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Re: Draft finding - "Transitioning the Web to HTTPS"

From: Chris Palmer <palmer@google.com>
Date: Mon, 15 Dec 2014 11:17:24 -0800
Message-ID: <CAOuvq20W_QCVNY=Hjo1S_iE2EzvmPSnRH_LsDdwNmfegxC+rNg@mail.gmail.com>
To: "Sean B. Palmer" <sean@miscoranda.com>
Cc: Mark Nottingham <mnot@mnot.net>, "www-tag@w3.org List" <www-tag@w3.org>
On Sat, Dec 13, 2014 at 2:21 PM, Sean B. Palmer <sean@miscoranda.com> wrote:

The specifics of encryption were only the second part of my email; I
> appreciate your information there. But again, the policy must note
> that TLS/SSL is known to be partially compromised.
>

All I saw was things we know about and are working on deprecating (small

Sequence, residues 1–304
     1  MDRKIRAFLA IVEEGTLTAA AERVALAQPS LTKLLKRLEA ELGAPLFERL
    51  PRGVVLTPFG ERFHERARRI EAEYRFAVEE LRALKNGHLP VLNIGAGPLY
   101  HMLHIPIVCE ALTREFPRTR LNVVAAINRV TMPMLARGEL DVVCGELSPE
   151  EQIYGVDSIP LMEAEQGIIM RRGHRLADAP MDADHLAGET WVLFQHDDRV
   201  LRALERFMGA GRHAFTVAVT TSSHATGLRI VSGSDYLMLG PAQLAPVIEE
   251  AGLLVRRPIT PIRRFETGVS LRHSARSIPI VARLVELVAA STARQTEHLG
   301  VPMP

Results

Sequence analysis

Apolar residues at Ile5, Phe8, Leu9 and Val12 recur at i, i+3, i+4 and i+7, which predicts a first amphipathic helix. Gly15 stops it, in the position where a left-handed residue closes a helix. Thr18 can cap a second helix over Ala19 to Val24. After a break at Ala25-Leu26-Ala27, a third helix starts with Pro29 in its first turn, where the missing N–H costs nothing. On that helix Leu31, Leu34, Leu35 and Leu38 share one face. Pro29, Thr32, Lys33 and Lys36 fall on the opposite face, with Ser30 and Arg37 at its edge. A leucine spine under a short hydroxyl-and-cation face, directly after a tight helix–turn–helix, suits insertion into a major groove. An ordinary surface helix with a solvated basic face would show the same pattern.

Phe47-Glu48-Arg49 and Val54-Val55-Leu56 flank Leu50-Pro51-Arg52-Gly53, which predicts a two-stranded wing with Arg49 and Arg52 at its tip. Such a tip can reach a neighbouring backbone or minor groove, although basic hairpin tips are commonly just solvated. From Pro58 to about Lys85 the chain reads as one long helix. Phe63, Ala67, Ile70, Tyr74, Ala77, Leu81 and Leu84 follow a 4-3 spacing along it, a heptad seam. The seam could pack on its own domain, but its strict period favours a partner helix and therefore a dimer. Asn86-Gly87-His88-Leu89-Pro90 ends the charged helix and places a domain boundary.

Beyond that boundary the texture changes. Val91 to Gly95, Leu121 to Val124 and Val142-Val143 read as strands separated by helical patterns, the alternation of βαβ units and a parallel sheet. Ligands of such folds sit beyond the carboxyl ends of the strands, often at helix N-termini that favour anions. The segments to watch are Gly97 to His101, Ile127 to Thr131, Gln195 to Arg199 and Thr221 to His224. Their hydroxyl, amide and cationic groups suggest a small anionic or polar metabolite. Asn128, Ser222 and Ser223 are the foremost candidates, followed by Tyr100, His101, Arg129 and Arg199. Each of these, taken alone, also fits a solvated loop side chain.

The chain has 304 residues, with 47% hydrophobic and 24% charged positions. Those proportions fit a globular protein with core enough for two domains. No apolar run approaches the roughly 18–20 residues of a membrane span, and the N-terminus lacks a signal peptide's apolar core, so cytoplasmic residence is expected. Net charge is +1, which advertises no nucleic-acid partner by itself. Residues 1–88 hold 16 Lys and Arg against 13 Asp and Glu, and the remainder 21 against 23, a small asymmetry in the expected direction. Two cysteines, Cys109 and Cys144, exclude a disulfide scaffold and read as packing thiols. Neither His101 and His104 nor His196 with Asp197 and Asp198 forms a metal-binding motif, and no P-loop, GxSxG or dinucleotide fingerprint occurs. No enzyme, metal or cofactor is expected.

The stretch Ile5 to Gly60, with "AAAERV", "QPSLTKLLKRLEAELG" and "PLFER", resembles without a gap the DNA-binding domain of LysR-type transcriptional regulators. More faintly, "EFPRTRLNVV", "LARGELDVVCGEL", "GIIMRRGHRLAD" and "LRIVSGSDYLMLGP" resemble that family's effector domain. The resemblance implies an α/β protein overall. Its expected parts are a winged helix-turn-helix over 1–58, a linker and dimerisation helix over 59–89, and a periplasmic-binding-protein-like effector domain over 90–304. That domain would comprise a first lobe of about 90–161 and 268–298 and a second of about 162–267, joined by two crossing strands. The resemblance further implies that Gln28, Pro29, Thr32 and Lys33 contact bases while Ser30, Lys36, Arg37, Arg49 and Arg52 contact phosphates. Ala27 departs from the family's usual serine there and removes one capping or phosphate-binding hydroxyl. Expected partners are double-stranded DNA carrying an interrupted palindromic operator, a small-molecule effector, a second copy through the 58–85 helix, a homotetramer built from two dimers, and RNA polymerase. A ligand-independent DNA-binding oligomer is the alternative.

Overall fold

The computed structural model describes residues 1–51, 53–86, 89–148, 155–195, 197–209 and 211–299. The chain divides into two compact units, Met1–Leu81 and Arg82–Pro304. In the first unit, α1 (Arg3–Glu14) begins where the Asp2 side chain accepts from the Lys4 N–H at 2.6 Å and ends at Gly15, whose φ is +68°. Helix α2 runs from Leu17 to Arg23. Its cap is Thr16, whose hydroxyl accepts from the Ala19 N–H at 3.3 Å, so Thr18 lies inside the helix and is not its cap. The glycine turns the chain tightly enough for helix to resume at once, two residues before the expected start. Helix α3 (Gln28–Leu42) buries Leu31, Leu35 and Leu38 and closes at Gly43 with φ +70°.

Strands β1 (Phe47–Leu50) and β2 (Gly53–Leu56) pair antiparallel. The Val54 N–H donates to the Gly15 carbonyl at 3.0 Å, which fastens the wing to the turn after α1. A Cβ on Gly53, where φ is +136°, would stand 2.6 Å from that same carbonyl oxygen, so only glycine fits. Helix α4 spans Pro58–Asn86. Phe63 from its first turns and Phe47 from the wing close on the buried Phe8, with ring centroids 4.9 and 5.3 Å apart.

RSA keys, RC4, curves of arguably questionable origin, broken hash
functions). This is a natural process of improving cipher suites and
parameters in response to cryptanalytic attack.


> It is not "detail" to mention that TLS/SSL is partially compromised
> when you are advocating widespread use of HTTPS. Widespread use of
> HTTPS will incur the consequence that many who switch will still be
> vulnerable to Pervasive Monitoring, per RFC 7258.
>

What alternative do you propose? Do you have some perfect protocol and
ciphersuite that you haven't told us about yet?

TLS and the various ciphersuites we use with it are imperfect but
incrementally fixable. HTTP provides no safety guarantees at all. Any
low-latency, bandwidth-efficient protocol will be more or less subject to
traffic analysis.

I'm not sure what your point is. I think most engineers understand TLS to
be a bare minimum security mechanism, and that further security guarantees
are far more likely to build on it than to replace it.
Received on Monday, 15 December 2014 19:17:51 UTC

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